On the last day of the WWET WV tour we were hosted at the stunning tasting room of Native Flora for lunch and a wine tasting. While enjoying views of the Willamette Valley that stretched on for miles we tasted our way through some of Native Flora’s best wines and enjoyed the story behind each bottle from Scott Flora. Saving the best for last Scott brought out a bottle of his limited production 2015 Cuvée Libertus! and he completely wowed us with this sparkling pour. This Extra Brut Sparkling is made by hand, a true Methode Champenoise, and was so refreshing and unique in flavor that when lunch was over may of us (including myself) lined up to purchase a bottle of this sparkling gem. No tasting notes here on this wine as I was so wrapped up in enjoying the glass that I did not take time to do anything else but enjoy the view, the company and the shimmering wine in my glass. If given the opportunity I would say snag a bottle of this sparkling as quick as you can.
Images © Drink In Nature Photography and Drink In Life Blog.
This post is sponsored by Cascade Ice and all products were provided. Photographs, thoughts and opinions are my own.
I first discovered Cascade Ice products when I moved to Washington State over 12 years ago. It started with their Zero Calorie Naturally Flavored Sparkling Water and then when their Organic Sparkling Water came on the market I knew I had found a new favorite beverage. Recently I became curious when I heard about Cascade Ice’s new product, a Flavored Caffeinated Sparkling Water. To be honest I gave up soda and other sugary drinks last year and I have to admit that sometimes I miss that caffeine boost in the afternoon. With my busy photography and freelance writing business I need all of the energy that I can get.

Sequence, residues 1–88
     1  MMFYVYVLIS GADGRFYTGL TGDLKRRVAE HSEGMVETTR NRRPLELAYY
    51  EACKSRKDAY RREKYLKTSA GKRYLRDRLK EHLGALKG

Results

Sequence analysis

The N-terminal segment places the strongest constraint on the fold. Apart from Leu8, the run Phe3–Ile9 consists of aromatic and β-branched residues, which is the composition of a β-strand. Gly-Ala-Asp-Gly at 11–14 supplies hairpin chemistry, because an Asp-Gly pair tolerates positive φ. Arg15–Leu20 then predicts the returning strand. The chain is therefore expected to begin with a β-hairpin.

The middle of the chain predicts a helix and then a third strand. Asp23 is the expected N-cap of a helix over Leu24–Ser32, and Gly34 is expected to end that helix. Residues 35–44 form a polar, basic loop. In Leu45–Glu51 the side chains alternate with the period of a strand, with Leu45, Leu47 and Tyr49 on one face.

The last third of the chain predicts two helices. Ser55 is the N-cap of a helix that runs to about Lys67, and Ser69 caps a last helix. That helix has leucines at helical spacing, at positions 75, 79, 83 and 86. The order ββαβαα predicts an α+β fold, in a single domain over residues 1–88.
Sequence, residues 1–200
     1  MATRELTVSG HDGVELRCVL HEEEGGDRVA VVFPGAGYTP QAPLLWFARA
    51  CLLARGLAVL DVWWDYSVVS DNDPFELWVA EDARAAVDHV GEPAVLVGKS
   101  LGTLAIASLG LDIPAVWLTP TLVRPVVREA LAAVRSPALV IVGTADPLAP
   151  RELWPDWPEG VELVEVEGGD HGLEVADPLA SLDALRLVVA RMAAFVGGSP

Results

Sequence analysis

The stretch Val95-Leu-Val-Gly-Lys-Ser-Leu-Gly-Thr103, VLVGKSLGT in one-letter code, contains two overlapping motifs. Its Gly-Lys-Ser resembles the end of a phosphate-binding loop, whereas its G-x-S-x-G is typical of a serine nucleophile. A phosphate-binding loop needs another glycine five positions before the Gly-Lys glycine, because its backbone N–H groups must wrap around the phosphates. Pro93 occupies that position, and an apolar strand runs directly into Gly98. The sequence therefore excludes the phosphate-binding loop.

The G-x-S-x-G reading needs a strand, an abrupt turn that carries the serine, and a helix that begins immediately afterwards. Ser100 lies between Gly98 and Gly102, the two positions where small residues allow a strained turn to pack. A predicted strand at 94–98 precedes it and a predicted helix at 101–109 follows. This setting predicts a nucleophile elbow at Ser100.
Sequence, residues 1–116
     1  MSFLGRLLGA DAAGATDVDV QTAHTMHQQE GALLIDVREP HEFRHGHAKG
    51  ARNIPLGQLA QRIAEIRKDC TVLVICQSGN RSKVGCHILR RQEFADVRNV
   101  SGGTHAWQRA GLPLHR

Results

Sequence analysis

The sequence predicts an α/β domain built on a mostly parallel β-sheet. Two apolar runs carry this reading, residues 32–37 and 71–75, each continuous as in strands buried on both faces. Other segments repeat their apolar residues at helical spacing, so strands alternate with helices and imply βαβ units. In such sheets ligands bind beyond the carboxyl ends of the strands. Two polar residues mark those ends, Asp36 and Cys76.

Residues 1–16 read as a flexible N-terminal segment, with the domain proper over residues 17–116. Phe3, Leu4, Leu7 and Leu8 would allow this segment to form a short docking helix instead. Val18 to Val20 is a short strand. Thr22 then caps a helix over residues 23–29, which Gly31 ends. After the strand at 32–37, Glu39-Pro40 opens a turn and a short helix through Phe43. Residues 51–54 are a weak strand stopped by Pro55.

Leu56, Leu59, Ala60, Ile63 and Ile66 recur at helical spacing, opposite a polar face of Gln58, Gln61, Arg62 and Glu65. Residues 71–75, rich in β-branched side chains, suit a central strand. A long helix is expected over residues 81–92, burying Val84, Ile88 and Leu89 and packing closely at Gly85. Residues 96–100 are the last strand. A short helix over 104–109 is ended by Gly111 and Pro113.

When most of my day is spent outdoors in nature, I really appreciate the Organic Flavor and Organic Caffeine in this new Sparkling Water.
Unique Beverage Company was established in 2001 by local life-time Washingtonians Mike Broadwell and Mark Christensen. Family owned and operated with more than 85 years combined experience in the bottling and beverage business, they developed Cascade Ice Sparkling Water. Many of the employees today have been with them from the beginning. From still water, to sparkling water, to sparkling water with caffeine, and a few things in the middle, they are always thinking about new and innovative products.
Recently I took a road trip up to the North Cascade National Park and drove the Cascade Loop Highway with my family. I thought it would be a great opportunity to try all four flavors, Grapefruit, Citrus Twist, Black Raspberry, and Pomegranate Mango while enjoying the beauty of the Pacific Northwest. Turns out it was a great alternative to an afternoon cup of coffee since the weather was in the 90-degree range.
These new drinks consist of only three ingredients: Carbonated Water, Natural Organic Flavor, and Organic Caffeine (derived from Organic Green Coffee Beans) giving you the #powerof3.
It is always important for me to make my go-to source of hydration throughout the day water, but sometimes you just want to enjoy something with a bit of fizz and flavor. This is when I enjoy a chilled can of Cascade Ice’s Caffeinated Sparkling Water the most, and although all the flavors are refreshing, I really love the flavor of the Organic Black Raspberry.
On a recent photo shoot, I brought some Cascade Ice Caffeinated Sparkling water with me to photograph and enjoy on a hot summer day. While setting up a shot a woman and her dog walked by and comment on the beautiful day, I replied that it was just a perfect PNW day and we struck up a conversation. Soon she asked what I was doing and I told her about my photography business and showed her the products that I was shooting that day. Well as often happens I asked if I could photograph her dog and her by the lake and she agreed, then I paid her in kind with a can of the new Sparkling Water. Needless to say she was thrilled and so was I.